Mar 29, 2017

2017 County Rankings Let Residents Measure Health

2017 County Rankings Let Residents Measure HealthEvery year, each county in the country has its pulse taken. How healthy are the residents—are they working, are they safe, do they smoke, what are the education rates? What is the quality of the air they breathe and water they drink, and how easily can they get around without a car?

The 2017 pulse-taking is now public, courtesy of The Robert Wood Johnson Foundation in collaboration with the University of Wisconsin Population Health Institute. The 2017 County Health Rankings & Roadmap is intended to let counties and residents take a look in the mirror, see trends over time and as they compare with trends at the state and national level.

Though it’s called a ranking, the annual report is not a competition among counties. Far from it: The idea is to show how factors outside medical care have a huge influence on health; even more ideally, the findings are intended to motivate people to take action.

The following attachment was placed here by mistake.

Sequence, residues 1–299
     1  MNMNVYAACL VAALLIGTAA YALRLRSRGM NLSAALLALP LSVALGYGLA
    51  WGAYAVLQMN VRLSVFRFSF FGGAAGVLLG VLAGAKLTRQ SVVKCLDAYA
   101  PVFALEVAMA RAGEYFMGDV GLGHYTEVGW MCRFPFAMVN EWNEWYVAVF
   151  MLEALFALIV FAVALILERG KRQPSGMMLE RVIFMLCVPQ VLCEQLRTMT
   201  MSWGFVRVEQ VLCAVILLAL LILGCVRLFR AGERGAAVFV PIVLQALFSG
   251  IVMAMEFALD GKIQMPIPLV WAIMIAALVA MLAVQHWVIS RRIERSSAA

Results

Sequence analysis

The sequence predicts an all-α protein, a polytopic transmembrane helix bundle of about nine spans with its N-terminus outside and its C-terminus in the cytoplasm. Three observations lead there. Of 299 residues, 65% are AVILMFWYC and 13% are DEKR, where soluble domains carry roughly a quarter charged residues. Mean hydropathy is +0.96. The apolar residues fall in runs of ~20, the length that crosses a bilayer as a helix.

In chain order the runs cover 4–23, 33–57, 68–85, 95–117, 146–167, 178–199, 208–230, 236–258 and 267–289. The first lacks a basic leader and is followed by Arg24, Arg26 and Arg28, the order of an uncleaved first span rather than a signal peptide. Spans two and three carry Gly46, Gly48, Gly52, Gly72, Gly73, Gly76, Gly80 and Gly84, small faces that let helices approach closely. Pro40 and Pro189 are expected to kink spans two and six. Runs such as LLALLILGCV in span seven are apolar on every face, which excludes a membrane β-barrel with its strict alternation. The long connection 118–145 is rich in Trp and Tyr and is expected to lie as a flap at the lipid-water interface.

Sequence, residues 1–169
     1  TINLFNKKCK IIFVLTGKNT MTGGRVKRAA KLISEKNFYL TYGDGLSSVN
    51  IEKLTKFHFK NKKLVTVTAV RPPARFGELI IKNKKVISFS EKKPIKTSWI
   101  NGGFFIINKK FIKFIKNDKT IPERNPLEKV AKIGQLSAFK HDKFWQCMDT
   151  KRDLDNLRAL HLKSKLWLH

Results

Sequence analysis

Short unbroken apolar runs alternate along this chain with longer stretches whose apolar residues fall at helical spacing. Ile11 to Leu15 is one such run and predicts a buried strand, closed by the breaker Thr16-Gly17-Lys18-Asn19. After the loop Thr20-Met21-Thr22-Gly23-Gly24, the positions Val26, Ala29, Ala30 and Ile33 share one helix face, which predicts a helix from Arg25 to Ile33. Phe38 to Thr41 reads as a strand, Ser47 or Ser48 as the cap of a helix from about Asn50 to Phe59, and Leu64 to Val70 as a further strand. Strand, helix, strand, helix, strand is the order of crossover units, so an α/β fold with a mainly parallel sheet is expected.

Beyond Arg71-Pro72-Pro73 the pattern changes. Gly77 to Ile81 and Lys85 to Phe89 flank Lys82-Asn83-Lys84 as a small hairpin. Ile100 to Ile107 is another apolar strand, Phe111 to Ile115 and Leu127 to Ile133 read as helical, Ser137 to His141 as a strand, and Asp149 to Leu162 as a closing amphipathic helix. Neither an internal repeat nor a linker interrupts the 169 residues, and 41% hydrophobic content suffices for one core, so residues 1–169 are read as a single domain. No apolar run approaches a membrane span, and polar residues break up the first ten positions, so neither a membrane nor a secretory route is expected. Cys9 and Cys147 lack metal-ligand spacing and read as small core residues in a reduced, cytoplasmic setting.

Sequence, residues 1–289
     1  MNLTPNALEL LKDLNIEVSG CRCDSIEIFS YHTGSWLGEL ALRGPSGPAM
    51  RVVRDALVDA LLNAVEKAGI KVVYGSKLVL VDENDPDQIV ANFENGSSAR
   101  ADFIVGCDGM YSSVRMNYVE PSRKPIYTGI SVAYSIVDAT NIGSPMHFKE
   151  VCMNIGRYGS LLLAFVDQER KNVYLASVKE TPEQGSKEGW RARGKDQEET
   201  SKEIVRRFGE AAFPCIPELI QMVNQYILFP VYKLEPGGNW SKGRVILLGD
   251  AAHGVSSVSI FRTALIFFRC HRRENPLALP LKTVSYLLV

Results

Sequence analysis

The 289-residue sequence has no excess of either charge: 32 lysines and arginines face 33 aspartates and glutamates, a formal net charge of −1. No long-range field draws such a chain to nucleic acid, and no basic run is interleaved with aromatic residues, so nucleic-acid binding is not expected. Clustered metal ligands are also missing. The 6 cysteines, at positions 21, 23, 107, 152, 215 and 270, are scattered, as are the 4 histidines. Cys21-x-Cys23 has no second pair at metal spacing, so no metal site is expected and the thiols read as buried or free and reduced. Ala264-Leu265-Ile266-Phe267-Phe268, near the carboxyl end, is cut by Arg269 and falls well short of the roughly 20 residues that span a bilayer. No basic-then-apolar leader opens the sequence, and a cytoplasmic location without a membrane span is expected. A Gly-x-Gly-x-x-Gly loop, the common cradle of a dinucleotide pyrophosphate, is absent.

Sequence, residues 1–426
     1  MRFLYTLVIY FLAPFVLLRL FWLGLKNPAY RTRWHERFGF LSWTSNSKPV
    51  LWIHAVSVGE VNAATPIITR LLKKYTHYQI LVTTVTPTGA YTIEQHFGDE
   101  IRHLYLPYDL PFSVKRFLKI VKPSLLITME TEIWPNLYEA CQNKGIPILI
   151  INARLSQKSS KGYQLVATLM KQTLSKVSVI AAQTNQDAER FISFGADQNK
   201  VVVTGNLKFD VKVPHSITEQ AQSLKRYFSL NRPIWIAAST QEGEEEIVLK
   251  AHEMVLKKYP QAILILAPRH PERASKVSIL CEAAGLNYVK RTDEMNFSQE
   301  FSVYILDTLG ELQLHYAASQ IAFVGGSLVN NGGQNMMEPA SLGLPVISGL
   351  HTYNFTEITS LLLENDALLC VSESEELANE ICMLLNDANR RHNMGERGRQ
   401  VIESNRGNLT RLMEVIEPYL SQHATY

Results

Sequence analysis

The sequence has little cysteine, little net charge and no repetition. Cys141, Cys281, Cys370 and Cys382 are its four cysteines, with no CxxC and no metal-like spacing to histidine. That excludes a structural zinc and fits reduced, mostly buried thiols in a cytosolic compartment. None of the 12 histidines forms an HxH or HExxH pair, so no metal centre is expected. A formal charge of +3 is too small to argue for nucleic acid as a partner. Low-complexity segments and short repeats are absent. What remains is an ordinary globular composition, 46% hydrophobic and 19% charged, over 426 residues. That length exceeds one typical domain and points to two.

Four broad categories—health behaviors; clinical care; social and economic factors; and physical environment are broken down into even finer categories of measure. For example, you can search on “food insecurity” and find the numbers and percentage of those in your county who have limited access to healthy foods. You can learn what is driving the differences, county to county; you can even find out how to take action.

Complementing this look at how healthy communities are is the AARP Livability Index, which scores communities and neighborhoods in seven categories, including housing, transportation, and engagement, and opportunity. Like the county rankings, the goal is to let people know where their communities stand and encourage them to make their communities more livable. The AARP Public Policy Institute this year unveiled a new feature when it began tracking efforts being made to change policies to improve communities.